WiFi-IR-Hub.jpg

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2 hours ago, SystronicsRF said:

Thanks for your very balanced review.

Just one point on your AC.  I think this is the unit that has IR control.  We did buy a WiFi / IR hub at the time, which looks identical to yours.  It’s one of those technologies that we are keen to move ahead with, because it opens up a whole new area, for us, of IR appliance control.  For now, we need to stay focused on our To-Do list, so it might be some time before we can get to it.

WiFi-IR-Hub.jpg

What is the source of this device? I have a couple Sanyo mini-split systems that I would like to be able to control. They have an IR remote but no provision for BT or Wi-Fi connection.

I found this unit from Sensibo which looks promising.

https://sensibo.com/products/sensibo-sky

Any chance this can be controlled by SystronicsRF ?

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On 10/10/2019 at 7:00 PM, Terminal said:

My system has crashed twice but each time Systronics was able to reload my system back just as it was.  I wrote about this in another thread, which is a big advantage over Smartthings.  Whic is my main home automation system now.  I dread the day my ST hub crashes.  I only had to remove a couple batteries to get a few of the V1 devices to reconnect.  They say I am the only one that this has happened to and no one else has reported anything like this in the forum so I believe them.  I think it is the environment my system is in.   It is in my shop office which is insulated but not until recently was it cooled.  It has been a hot summer and it would get upwards of 90 in the office sometimes.

Hmmm... when I was beta testing this my system crashed a few times as well.  To restore it required re-pairing all my devices which wasn't an easy task.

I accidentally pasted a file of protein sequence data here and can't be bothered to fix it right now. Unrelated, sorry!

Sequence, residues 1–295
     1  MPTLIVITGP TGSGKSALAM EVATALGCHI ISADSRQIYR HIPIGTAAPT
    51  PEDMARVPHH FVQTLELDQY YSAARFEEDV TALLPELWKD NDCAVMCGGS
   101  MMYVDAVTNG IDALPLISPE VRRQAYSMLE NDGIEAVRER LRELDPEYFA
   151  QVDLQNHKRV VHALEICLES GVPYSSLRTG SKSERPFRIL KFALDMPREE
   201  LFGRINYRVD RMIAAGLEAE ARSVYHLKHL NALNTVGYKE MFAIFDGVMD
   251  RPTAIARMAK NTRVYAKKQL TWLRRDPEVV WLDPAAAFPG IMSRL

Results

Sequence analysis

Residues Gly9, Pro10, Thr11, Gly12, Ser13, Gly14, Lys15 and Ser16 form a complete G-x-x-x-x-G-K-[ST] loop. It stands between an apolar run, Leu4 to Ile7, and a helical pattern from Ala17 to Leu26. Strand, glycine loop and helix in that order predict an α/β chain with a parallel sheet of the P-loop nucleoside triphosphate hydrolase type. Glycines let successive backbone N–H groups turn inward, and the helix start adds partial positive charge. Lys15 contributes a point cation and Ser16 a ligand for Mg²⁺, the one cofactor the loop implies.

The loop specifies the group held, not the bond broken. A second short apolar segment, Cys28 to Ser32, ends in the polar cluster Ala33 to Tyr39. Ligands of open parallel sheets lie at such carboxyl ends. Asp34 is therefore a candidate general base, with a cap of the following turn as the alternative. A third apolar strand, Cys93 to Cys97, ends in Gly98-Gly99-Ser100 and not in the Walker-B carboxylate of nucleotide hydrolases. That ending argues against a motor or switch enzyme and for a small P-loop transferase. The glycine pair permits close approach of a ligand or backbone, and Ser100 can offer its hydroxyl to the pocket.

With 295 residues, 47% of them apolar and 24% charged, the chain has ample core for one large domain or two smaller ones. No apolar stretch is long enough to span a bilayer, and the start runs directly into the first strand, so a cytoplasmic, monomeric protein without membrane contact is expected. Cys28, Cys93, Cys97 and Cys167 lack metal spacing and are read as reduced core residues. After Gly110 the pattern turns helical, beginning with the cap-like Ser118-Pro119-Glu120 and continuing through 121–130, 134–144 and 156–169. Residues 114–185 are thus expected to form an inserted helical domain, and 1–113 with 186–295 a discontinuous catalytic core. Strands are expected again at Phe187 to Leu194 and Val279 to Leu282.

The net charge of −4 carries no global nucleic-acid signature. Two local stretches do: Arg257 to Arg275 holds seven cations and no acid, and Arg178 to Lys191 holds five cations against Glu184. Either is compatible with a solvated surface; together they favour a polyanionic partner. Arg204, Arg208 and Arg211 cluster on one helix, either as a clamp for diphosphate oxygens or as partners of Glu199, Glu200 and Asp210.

Reviewing the cost of this system I believe they are going to eventually price themselves out of the market.  Why would someone pay $332.95 for all components necessary to run SystronicsRF when you can buy a Hubitat Elevation right now for $74.95?  The only advantage SystronicRF has is they support WiFi so you can use your Iris V1 cameras with limited functionality.  In my opinion the Iris cameras are junk so the extra cost for WiFi is not justified.  You could use the $258 cash savings and build a Blue Iris server which would give you full local control of your IP based cameras.

 

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As Terminal has mentioned, anyone in the USA can now purchase a software license for the Control System.

The main SystronicsRF.com website has been revised to promote the use of the Control System more widely, and to include the online purchasing of licenses for the Control System software.

The one-off license fee includes all of the features described in the website.  There are no recurring subscription fees, and the license fee includes updates and support for the first twelve months.

We have also made arrangements with a specialist Raspberry Pi Accessories supplier in the USA for them to supply pre-assembled Pi units.  These include the Pi, case, charger, and Micro SD card, with the card pre-loaded with the Control System software.

Although we have expressed our gratitude privately to those users who have supported us throughout the last eight months, we would also like to take this opportunity to express our appreciation more publicly.